From Monday through Friday that month in 2010 we taught The Elijah Challenge each morning to over 600 disciples. Every afternoon after lunch these disciples broke up into small teams and went door-to-door in the city to pray for the people in their homes, to heal their sick as they were being trained to do each morning and to share the gospel with them. By the end of the week these 600-plus disciples had visited 9,577 homes. The number of people who were healed of their infirmities, mostly in their homes, was 1,920. Those who accepted Christ as Lord and Savior as a result of hearing the gospel and witnessing the confirming miraculous healings numbered 1,440. These results were historic, especially for the well-known spiritual wasteland of Northeast Brazil.

As a result of that week, some churches grew impressively and had to expand their physical facilities.



Unfortunately, however, most of the pastors and leaders saw what happened during the week as a “special” one-time event. Although a few churches continued to send their trained people out to preach the gospel and heal the sick from door-to-door, most stopped applying the Training for the purpose for which it was given—reaching the lost with the gospel. As a result, the impact of the Training was limited primarily to that one week. Most of the leaders were content with seeing so many souls saved during that one week and seeing their churches grow. They lacked vision, and so were unable to get maximum benefit for the kingdom of God from the Training.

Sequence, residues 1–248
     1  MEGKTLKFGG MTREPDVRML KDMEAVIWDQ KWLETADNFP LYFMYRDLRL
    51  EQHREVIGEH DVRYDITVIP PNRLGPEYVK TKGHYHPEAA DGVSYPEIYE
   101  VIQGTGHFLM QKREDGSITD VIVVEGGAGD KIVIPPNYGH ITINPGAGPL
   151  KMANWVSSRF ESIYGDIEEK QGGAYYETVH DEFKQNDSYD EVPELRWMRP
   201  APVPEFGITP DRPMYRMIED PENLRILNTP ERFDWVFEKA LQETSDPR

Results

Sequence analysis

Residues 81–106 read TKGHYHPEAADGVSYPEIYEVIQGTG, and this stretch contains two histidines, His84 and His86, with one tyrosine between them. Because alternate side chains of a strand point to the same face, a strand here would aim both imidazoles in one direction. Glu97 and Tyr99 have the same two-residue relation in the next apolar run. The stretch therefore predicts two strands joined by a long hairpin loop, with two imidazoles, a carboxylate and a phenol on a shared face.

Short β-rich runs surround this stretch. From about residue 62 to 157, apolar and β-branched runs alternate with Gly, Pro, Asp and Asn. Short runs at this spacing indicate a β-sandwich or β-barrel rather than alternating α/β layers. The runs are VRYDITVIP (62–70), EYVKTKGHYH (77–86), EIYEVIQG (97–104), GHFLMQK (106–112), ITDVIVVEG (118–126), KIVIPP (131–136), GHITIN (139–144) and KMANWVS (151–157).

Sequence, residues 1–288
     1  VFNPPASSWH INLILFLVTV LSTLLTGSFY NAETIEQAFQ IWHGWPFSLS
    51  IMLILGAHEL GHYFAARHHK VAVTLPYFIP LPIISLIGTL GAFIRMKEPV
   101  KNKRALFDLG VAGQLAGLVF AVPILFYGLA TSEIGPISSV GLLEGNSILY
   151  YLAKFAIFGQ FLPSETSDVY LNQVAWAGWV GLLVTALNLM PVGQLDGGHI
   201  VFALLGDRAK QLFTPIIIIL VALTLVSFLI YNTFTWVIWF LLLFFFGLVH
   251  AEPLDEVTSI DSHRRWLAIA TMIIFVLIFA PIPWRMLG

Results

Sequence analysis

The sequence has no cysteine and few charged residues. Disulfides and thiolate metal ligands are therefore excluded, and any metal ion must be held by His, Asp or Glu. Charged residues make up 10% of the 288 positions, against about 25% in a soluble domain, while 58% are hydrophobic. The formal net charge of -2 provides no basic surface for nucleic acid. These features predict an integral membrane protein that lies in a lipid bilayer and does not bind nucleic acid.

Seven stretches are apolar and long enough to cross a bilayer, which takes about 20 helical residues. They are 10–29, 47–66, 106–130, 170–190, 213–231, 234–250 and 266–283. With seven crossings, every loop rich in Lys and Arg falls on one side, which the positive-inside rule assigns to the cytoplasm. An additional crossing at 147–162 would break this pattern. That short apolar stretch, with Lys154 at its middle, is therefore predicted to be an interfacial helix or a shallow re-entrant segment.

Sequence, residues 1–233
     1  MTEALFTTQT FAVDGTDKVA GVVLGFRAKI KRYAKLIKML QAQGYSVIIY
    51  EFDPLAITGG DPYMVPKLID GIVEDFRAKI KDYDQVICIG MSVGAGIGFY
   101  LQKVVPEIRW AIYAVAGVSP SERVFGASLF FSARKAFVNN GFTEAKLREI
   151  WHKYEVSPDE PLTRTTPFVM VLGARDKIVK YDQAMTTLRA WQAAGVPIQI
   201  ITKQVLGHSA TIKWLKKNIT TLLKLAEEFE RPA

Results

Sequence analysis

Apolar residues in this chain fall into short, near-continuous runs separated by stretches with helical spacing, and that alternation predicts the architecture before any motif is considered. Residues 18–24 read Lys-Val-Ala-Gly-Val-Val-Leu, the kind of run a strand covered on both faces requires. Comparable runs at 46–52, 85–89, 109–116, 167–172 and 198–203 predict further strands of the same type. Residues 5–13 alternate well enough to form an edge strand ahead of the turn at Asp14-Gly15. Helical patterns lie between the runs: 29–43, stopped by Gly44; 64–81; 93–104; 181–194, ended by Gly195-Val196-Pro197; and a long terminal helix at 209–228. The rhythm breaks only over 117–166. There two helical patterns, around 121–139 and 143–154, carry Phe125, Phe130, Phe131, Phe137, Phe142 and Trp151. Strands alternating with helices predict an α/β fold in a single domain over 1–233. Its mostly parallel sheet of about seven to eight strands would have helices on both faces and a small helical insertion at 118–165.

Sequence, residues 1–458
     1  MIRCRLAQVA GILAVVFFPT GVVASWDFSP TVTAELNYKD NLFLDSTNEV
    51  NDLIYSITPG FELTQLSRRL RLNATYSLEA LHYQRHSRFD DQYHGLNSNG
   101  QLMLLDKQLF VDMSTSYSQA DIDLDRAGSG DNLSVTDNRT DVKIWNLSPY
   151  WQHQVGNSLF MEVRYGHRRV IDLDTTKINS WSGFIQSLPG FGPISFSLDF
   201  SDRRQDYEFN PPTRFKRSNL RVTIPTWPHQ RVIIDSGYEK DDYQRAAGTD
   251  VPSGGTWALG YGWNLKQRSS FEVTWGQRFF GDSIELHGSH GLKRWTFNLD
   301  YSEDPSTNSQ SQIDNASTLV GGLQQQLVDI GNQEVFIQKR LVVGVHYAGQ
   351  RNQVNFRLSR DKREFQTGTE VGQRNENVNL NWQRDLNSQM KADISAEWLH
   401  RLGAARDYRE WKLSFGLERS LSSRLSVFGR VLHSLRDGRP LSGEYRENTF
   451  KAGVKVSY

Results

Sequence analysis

A leader must have vision from the Scriptures if he is going to produce maximum fruit for the kingdom of God from the Training. We are commanded by our Lord Jesus Christ to preach the gospel to every creature and make disciples of all nations. Therefore we are not to stop sending our people out to heal the sick and proclaim the kingdom of God after we are content with the growth of our church and its increased size. Rather we must continue to send people out until we have completed the Great Commission, and Jesus Christ returns.


So what should a pastor do following the Training?

  • Of course he should continually encourage his trained believers to continue to apply what they have just learned to heal the sick, especially in the context of sharing the gospel with the lost.